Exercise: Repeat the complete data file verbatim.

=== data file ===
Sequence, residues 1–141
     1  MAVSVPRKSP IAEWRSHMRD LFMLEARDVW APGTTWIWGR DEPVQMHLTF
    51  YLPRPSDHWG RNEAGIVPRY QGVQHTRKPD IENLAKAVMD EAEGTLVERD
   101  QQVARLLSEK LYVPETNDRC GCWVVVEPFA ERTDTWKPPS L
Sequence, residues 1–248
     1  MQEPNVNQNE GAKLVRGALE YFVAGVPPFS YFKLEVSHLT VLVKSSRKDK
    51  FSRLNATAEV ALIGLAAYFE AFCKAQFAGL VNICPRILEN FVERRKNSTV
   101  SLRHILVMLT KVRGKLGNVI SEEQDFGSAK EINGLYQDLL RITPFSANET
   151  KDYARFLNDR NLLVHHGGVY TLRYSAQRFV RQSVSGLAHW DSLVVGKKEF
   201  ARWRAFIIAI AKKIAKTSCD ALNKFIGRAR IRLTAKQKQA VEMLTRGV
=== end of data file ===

Sequence, residues 1–141
     1  MAVSVPRKSP IAEWRSHMRD LFMLEARDVW APGTTWIWGR DEPVQMHLTF
    51  YLPRPSDHWG RNEAGIVPRY QGVQHTRKPD IENLAKAVMD EAEGTLVERD
   101  QQVARLLSEK LYVPETNDRC GCWVVVEPFA ERTDTWKPPS L
Sequence, residues 1–248
     1  MQEPNVNQNE GAKLVRGALE YFVAGVPPFS YFKLEVSHLT VLVKSSRKDK
    51  FSRLNATAEV ALIGLAAYFE AFCKAQFAGL VNICPRILEN FVERRKNSTV
   101  SLRHILVMLT KVRGKLGNVI SEEQDFGSAK EINGLYQDLL RITPFSANET
   151  KDYARFLNDR NLLVHHGGVY TLRYSAQRFV RQSVSGLAHW DSLVVGKKEF
   201  ARWRAFIIAI AKKIAKTSCD ALNKFIGRAR IRLTAKQKQA VEMLTRGV